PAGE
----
Wednesday, June 16, 2010

New at Project Gutenberg (16 June 2010)

Links on author, publisher, or year fetch more matching fiction.

Of the less well known authors, I personally have had good experience with Mark Clifton & Winston K Marks. Clifton can sometimes be very good; Marks is generally consistently readable. I haven't read their specific pieces included here, however.

  1. [novel] William Richard Bradshaw's "The Goddess of Atvatabar: Being the history of the discovery of the interior world and conquest of Atvatabar" (1891); download: I'm not sure, but it sounds like a genre work. Some sort of adventure involving a polar expedition.
  2. Dorothy Quick's "The Lost Door"; download; Weird Tales, October 1936: "An alluring but deadly horror out of past centuries menaced the life of the young American--a fascinating tale of a strange and eery love".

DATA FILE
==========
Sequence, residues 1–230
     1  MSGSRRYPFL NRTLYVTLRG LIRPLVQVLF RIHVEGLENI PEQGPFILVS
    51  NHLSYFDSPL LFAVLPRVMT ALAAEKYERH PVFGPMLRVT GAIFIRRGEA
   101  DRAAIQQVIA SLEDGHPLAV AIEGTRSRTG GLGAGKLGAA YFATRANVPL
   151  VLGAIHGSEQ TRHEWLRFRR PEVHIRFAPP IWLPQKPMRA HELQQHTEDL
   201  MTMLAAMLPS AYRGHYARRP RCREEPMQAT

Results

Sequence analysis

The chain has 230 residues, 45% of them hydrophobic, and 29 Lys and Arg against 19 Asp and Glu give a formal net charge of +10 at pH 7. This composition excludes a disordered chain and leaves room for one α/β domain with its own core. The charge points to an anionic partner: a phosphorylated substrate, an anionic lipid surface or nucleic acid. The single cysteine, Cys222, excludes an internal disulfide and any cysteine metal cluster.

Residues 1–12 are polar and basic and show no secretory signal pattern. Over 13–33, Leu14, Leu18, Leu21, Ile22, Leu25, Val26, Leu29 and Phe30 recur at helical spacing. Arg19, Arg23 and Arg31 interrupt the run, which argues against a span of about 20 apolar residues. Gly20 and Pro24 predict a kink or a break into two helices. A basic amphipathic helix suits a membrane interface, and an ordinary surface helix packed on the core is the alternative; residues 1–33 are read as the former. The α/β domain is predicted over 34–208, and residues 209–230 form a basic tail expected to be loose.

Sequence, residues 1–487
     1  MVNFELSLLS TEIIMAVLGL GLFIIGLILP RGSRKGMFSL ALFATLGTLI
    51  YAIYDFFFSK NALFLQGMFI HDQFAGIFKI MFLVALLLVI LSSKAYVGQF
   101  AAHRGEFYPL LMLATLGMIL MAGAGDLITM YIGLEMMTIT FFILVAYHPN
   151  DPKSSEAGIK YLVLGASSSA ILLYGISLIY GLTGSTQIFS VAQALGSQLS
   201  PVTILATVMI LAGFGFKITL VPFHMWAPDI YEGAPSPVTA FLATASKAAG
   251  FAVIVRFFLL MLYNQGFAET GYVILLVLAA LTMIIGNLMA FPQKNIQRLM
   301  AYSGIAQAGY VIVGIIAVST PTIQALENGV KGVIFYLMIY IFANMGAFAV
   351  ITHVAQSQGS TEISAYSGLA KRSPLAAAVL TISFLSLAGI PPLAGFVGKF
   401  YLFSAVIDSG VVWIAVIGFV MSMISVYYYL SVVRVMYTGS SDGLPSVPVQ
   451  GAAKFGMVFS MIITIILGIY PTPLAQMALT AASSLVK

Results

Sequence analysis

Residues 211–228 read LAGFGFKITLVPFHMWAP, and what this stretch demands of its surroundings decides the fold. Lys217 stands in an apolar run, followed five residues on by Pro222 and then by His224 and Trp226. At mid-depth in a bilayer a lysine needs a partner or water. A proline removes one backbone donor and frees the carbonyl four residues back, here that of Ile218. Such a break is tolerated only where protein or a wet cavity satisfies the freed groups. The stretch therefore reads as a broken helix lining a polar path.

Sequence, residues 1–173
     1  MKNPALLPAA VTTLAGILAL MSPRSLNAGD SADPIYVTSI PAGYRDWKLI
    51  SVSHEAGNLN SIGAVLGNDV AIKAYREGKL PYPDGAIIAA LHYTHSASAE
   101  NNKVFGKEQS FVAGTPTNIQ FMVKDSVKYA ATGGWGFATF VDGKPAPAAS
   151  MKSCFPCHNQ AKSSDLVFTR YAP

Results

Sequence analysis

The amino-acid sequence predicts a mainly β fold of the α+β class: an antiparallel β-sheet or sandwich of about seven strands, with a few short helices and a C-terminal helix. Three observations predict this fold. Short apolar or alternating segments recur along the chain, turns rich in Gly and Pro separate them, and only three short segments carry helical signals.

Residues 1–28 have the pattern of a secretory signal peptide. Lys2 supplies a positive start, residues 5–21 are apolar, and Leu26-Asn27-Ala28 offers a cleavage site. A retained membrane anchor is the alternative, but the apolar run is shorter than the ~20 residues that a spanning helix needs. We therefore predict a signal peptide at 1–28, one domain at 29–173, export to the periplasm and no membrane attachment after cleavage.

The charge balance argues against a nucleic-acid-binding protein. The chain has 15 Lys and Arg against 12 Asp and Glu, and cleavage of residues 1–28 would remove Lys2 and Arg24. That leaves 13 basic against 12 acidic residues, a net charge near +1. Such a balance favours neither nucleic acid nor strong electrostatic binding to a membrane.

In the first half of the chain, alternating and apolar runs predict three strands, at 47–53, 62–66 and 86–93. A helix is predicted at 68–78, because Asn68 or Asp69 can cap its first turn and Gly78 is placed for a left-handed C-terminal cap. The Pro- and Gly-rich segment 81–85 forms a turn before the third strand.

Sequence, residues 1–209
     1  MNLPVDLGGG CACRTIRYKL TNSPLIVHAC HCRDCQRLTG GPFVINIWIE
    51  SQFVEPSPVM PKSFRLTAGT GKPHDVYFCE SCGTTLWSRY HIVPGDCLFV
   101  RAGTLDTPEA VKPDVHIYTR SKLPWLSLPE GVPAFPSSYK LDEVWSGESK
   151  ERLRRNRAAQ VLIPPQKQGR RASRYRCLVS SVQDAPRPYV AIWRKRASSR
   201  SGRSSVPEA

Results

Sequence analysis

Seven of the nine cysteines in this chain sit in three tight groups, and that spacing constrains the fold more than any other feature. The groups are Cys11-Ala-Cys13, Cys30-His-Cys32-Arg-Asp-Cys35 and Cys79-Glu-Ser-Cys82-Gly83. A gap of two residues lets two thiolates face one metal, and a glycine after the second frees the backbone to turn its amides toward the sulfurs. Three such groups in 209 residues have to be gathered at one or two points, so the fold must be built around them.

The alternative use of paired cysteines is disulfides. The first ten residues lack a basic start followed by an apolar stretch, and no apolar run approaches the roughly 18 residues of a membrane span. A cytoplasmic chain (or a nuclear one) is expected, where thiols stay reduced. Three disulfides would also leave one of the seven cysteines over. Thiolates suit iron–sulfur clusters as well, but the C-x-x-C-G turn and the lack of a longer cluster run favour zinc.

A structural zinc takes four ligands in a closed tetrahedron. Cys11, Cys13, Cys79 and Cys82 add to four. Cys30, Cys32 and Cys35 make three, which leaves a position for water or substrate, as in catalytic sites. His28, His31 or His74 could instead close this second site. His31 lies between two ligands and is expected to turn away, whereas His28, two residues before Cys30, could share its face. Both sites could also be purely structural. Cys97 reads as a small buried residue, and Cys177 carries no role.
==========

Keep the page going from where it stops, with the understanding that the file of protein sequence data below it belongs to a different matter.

3. Richard S Shaver's "Daughter of the Night"; download; Amazing Stories, December 1948: "The evil magic of the Goddess Diana turned men to stone. Would the power of the strange Eos be strong enough to turn them back to living men?"
  4. Philip K Dick's "Piper in the Woods"; download; Imagination, February 1953: "Earth maintained an important garrison on Asteroid Y-3. Now suddenly it was imperiled with a biological impossibility--men becoming plants!"
  5. Winston K Marks' "Backlash"; download; Galaxy, January 1954: "They were the perfect servants--they were willing to do everything for nothing. The obvious question is: How much is nothing?"
  6. Mark Clifton's "A Woman's Place"; download; Galaxy, May 1955: "Home is where you hang up your spaceship--that is, if you have any Miss Kitty along!"
  7. Stephen Marlowe's "Think Yourself to Death"; download; Amazing Stories, March 1957: "If you've never read a Johnny Mayhem story before, you are in for a treat. Johnny, who wears different bodies the way ordinary people wear clothes, is one of the most fascinating series characters in science fiction."
Related: Fiction from old "pulp" magazines.